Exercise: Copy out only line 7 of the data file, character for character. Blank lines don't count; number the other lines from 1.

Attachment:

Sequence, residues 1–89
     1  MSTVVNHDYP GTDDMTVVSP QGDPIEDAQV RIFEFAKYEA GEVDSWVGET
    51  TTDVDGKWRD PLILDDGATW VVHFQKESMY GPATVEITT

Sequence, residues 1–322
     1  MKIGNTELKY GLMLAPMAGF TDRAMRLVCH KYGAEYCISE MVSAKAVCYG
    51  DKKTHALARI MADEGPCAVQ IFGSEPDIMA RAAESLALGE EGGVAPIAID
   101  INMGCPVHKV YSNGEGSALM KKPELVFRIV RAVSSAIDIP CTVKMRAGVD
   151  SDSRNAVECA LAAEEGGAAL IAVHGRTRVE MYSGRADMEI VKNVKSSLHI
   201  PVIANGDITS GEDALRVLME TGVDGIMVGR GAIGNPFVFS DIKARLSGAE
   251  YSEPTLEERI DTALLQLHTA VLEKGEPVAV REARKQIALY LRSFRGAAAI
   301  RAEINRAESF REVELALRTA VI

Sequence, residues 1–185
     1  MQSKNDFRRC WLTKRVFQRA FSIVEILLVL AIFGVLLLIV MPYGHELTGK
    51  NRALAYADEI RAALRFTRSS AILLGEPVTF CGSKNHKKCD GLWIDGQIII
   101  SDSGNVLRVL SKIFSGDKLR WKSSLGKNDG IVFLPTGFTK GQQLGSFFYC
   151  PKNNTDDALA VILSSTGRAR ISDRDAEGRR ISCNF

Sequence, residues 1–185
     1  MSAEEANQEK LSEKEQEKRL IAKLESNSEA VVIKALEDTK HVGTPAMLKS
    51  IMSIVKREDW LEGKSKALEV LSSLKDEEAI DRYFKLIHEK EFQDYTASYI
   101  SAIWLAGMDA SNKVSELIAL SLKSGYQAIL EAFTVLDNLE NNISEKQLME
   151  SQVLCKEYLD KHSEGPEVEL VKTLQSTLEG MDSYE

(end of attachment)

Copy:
   101  INMGCPVHKV YSNGEGSALM KKPELVFRIV RAVSSAIDIP CTVKMRAGVD